>>
>> Best regards,
>>
>
> Hello,
>
> Thanks for your answer.
>
> We still have not yet decided which method we will implement.
>
> We are wondering how to solve conflicts with IMP. Are there any ways to
> specify priorities or to handle conflict resolution?
>
> For instance, if I have a grammar E ::= E + E | E * E | N. How can I tell
> IMP that * has a higher priority than +?
>
> Also, for shift-reduce conflicts, is it possible to tell IMP whether to
> shift or reduce for a particular conflict appear.
>
> I did not see any mention of this in the manual. Does it mean it is not
> possible to do it?
>
> Best regards,
>
> --
> Damien Thivolle | INRIA Rhone-Alpes / VASY


This are LPG-centric-questions, one solution is to reformulate/fix your
grammar, using separate non-terminals for the two precedence-levels.
Here is a simple reformulation:

E ::= E '+' M | M
M ::= M '*' N | N

Im not a LPG-expert - I am not aware of any explicit precedence-rule in LPG,
that solves precedence-problems.
Explicit precedence-rules could be used to solve shift/reduce-conflicts.
May be fitting the grammar to solve the conflict is a better idea ??

michael
Re: Importing Syntax parser to IMP [message #572466 is a reply to message #22861] Wed, 16 July 2008 16:53 Go to previous message
Damien Thivolle is currently offline Damien Thivolle
Messages: 25
Registered: July 2009
Junior Member
Michael Strothjohann a écrit :
>
> "Damien Thivolle" <damien.thivolle@inria.fr> schrieb im Newsbeitrag
> news:g57a3f$kfn$1@build.eclipse.org...
>> Stanley Sutton a écrit :
>>> Hi Damien,
>>>
>>> I'm glad if this has been helpful to you. Based on the additional
>>> information, I do agree that your original idea of implementing the
>>> IMP interfaces using Syntax seems like the most feasible approach.
>>>
>>> Regarding your idea to automatically generate the AST types based on
>>> the concrete syntax, I believe that should be fine. The IMP
>>> framework doesn't care how your AST types are created or what they
>>> are based on or what they contain--within the framework, the ASTs and
>>> AST nodes are generally treated as objects. Where the specific
>>> nature of the AST types becomes relevant is in the implementations of
>>> the IDE services, which will refer to specific AST types and make use
>>> of their various methods and fields. So the service implementor is
>>> the real user of the AST types. As long as your generated AST types
>>> allow the services to be implemented, that should be good enough.
>>>
>>> Good luck! Let us know if you have any other comments or questions.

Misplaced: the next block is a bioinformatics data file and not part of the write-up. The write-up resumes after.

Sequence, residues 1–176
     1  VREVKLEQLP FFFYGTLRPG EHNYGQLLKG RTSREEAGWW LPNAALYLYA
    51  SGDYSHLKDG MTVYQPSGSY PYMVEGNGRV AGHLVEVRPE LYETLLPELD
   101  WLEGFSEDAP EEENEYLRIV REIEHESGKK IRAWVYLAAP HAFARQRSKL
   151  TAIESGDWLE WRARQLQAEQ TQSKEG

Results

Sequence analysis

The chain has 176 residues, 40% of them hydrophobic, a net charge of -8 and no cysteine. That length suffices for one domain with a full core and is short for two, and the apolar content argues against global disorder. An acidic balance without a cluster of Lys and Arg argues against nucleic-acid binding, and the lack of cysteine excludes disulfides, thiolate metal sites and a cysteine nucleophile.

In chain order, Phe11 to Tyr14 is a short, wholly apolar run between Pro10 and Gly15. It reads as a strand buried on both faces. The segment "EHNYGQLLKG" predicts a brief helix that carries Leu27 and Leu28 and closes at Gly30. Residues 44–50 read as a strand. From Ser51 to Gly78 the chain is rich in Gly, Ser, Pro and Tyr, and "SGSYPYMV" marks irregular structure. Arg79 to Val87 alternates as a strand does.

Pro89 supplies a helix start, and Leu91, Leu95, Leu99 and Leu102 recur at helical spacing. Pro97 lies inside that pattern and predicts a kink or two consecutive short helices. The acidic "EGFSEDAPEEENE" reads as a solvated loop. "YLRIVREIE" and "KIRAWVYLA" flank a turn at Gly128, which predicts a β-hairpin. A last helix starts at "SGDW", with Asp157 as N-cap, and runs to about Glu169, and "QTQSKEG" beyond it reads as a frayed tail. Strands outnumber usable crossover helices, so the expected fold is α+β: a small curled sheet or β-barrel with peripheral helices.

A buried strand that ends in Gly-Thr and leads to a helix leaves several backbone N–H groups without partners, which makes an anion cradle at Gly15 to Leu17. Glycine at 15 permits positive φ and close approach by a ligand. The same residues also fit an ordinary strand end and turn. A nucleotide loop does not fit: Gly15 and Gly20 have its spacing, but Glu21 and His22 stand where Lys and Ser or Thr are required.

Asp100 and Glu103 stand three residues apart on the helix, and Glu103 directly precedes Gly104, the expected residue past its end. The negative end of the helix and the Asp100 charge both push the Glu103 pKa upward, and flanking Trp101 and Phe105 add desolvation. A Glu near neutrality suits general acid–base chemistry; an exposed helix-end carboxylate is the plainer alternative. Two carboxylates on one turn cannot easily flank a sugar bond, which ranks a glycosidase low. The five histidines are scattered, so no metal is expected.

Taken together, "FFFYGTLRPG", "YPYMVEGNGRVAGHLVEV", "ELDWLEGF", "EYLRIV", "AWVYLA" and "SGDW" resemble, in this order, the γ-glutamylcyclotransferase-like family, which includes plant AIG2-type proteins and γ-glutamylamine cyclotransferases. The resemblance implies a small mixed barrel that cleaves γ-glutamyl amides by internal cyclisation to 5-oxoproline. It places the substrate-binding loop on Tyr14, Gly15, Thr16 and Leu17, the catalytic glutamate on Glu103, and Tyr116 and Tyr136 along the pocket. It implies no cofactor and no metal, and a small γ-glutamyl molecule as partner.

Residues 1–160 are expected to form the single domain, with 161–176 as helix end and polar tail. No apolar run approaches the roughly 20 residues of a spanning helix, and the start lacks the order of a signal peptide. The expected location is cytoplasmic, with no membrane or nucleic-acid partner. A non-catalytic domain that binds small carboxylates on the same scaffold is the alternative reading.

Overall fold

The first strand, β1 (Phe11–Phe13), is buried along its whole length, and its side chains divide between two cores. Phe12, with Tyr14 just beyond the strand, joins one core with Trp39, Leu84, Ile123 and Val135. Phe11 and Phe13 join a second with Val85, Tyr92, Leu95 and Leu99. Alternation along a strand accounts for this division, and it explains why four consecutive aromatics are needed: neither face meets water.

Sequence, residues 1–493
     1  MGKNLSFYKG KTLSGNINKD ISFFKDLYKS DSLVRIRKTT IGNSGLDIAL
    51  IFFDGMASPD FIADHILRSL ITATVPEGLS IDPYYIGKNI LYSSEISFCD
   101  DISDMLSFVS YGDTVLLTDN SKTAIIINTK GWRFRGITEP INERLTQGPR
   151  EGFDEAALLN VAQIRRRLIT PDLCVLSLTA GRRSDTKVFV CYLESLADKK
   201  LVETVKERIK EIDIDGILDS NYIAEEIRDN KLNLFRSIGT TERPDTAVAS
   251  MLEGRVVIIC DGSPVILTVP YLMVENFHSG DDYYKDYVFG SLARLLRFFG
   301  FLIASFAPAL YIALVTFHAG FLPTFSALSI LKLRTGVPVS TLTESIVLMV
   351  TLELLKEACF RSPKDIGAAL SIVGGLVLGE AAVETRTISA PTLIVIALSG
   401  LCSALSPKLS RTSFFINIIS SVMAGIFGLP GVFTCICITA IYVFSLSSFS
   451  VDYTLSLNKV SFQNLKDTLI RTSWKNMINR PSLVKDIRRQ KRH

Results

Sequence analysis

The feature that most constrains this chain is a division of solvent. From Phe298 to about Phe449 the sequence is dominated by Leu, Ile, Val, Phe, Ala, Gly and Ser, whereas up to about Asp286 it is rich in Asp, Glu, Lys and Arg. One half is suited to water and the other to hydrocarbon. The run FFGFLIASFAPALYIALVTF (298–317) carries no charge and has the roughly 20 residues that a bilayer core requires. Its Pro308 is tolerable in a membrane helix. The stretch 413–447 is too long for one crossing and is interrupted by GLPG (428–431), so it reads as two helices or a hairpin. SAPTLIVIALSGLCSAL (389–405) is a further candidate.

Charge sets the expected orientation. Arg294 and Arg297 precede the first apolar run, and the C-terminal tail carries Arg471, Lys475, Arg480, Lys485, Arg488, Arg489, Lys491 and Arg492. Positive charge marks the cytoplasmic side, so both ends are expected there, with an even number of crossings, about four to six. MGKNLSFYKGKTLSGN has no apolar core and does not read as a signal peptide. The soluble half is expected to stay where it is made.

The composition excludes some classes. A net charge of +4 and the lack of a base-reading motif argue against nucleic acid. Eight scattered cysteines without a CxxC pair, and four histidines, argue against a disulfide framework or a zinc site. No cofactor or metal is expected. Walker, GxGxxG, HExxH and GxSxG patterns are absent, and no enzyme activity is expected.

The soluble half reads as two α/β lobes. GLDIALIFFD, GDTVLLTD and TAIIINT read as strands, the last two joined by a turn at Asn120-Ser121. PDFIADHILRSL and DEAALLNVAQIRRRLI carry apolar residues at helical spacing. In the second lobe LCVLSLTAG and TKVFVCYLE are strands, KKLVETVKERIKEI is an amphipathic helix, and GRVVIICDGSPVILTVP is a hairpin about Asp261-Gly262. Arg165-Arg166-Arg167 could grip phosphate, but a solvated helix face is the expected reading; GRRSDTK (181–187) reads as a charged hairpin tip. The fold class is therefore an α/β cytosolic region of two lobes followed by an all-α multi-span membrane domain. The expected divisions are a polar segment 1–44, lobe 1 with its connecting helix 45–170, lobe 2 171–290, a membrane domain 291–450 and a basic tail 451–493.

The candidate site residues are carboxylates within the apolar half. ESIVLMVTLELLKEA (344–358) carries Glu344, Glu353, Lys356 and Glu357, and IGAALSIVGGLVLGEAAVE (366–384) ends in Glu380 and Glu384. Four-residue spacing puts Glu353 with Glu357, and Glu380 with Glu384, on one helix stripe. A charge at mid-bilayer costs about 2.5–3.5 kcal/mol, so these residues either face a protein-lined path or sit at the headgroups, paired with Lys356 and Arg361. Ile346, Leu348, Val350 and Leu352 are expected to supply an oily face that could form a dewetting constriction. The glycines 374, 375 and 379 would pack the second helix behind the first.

>>> We look forward to hearing about (and learning from) your experience!
>>>
>>> Best regards,
>>>
>>
>> Hello,
>>
>> Thanks for your answer.
>>
>> We still have not yet decided which method we will implement.
>>
>> We are wondering how to solve conflicts with IMP. Are there any ways
>> to specify priorities or to handle conflict resolution?
>>
>> For instance, if I have a grammar E ::= E + E | E * E | N. How can I
>> tell IMP that * has a higher priority than +?
>>
>> Also, for shift-reduce conflicts, is it possible to tell IMP whether
>> to shift or reduce for a particular conflict appear.
>>
>> I did not see any mention of this in the manual. Does it mean it is
>> not possible to do it?
>>
>> Best regards,
>>
>> --
>> Damien Thivolle | INRIA Rhone-Alpes / VASY
>
>
> This are LPG-centric-questions, one solution is to reformulate/fix your
> grammar, using separate non-terminals for the two precedence-levels.
> Here is a simple reformulation:
>
> E ::= E '+' M | M
> M ::= M '*' N | N
>
> Im not a LPG-expert - I am not aware of any explicit precedence-rule in
> LPG, that solves precedence-problems.
> Explicit precedence-rules could be used to solve shift/reduce-conflicts.
> May be fitting the grammar to solve the conflict is a better idea ??
>
> michael

Thank you for your answer.

I want to automate the translation of grammars from the SYNTAX format to
the LPG format. I don't think I can afford to write a translator that
would disambiguate a grammar :(


--
Damien Thivolle | INRIA Rhone-Alpes / VASY
PHD Student | 655, Avenue de l'Europe
damien.thivolle@inria.fr | Montbonnot
http://www.inrialpes.fr/vasy | 38 334 Saint Ismier Cedex France
Re: Importing Syntax parser to IMP [message #572520 is a reply to message #22991] Wed, 23 July 2008 13:17 Go to previous message
Jin Missing name is currently offline Jin Missing name
Messages: 100
Registered: July 2009
Senior Member
Damien Thivolle:

I suggust you not to following the translation way. As Michael said, your
problem is mainly about LPG, not about IMP. So, if you want to do some
translation, you must very familiar with LPG first;then you must do some or
more workaround if you find some imcomptability between your syntax and lpg.
You can use the IMP to implement a new language tooling in the general
aspect, if you just want to do some editing with your new syntax lang. One
example is just the LPG IDE support in IMP.

Jin